Tinnitus is a ringing or a swishing noise
that emanates from the ear or head. It is not considered a serious problem most of the time. The noise is usually heard only by the complaining individual and not by anyone else.
Tinnitus may not be a disease but can turn out to be a nuisance. Most of the time, tinnitus resolves on its own. It usually presents as a symptom of an underlying condition and very rarely may be due to a very serious health condition.
The noise resulting from tinnitus may originate in the outer, middle or inner ear. It can also arise due to abnormalities in the brain. The noise is usually masked by outside noises and becomes evident when every other background noise is blocked out by ear wax or the presence of a foreign body in the ear.
Damage to the inner ear nerve endings is the most common cause
Wax blockage of the ear can give rise to tinnitus
Fluid collection, infection, or other disease of the middle ear bones or the ear drum (tympanic membrane) can result in tinnitus.
Rare conditions such as brain aneurysm or tumor can also cause tinnitus.
Advancing age and exposure to loud noise (such as firearms, loud music) are common aggravating factors.
Some medications such as aspirin can also cause tinnitus.Diagnosis
Diagnosis of tinnitus is based on the following:
Medical history – Symptoms like hearing loss, loss of balance (vertigo) or pulsatile tinnitus point out to the underlying cause of tinnitus
Physical examination, Hearing test (audiogram)
for patients with unexplained tinnitus
Special tests such as the auditory brain stem response (ABR), CT scan or an MRI scan may be done to rule out a tumor.Treatment
Once the cause of tinnitus is identified, the doctor will be able to treat the problem.
Very often the condition resolves on its own and will go away with time. Alternatively, it may last all through a person’s life.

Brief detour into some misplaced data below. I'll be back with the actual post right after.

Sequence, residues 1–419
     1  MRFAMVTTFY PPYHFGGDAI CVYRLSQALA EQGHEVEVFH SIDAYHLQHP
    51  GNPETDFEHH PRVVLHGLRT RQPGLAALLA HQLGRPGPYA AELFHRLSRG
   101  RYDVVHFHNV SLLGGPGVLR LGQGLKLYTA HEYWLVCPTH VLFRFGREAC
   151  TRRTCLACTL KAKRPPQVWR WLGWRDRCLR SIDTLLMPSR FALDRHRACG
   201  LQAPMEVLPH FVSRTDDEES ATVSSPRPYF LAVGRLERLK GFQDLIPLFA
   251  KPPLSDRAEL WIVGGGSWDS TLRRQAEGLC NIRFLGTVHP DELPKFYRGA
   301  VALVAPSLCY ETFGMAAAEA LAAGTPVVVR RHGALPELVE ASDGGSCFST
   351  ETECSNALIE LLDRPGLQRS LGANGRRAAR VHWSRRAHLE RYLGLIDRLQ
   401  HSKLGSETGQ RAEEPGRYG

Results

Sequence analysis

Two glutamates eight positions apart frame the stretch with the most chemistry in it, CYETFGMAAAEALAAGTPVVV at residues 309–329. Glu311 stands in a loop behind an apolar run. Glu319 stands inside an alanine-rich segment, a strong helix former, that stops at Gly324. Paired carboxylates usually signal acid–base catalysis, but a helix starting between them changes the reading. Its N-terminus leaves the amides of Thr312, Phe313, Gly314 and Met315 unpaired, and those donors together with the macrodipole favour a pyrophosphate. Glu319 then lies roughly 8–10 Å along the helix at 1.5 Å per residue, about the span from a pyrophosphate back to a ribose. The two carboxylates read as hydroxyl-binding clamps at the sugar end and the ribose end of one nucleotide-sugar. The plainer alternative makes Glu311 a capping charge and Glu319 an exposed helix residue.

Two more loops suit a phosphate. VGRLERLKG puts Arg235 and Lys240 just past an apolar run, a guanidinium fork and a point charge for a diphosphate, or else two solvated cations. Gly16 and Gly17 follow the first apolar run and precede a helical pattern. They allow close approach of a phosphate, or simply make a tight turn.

Some of the medications that are used to treat tinnitus include the following: Niacin -
Niacin is used to treat the condition although no evidence exists to prove its benefit in the condition. Gabapentin
- Gabapentin reduced annoyance levels although it could not control volumes of the noise. The drug is not considered to be better than a placebo. Acamprostate -
Acamprosate, a drug used to treat alcoholism, was found to be fairly effective.Managing Tinnitus
The following tips help in reducing or controlling the symptoms of tinnitus:
Reduce / avoid coffee intake
Avoid / reduce salt intake
If you suffer from zinc deficiency, take zinc supplements
Those with sleep problem-related tinnitus may benefit from melatonin
Some herbal medicine experts recommend Ginkgo Biloba
as a natural remedy to control tinnitus. This has not been sufficiently proven Behavioral and cognitive therapies
have proven to be effective in controlling tinnitusPrevention
Do not use objects such as cotton swabs while cleaning the ear as this can move the wax towards the eardrums Protect your ears
while working. Make sure you use ear plugs or ear muffs to keep out the loud noise
Avoid exposure to loud noise. Sometimes daily noise such as lawn mover, hair dryer or loud music may have to be shut out by ear plugs
Take BP medicines
as directed by the doctor
Reduce intake of salt/caffeine
The human ear and the hearing system comprises of delicate mechanisms which may be impaired when general health fails. Therefore it is important to safeguard one's general health.
Avoid excessive use of aspirin
and other drugs that cause tinnitus.
FAQs1. Which doctors treat tinnitus?
ENT specialists treat tinnitus.2. What is Pulsatile tinnitus?
Pulsatile tinnitus is the sound that accompanies the heart beat. It could occur due to a weak blood vessel called aneurysm near the ear or due to sudden increase in blood pressure.3. What is Meniere’s disease?
Meniere’s disease is a condition where tinnitus is accompanied by dizziness and hearing loss.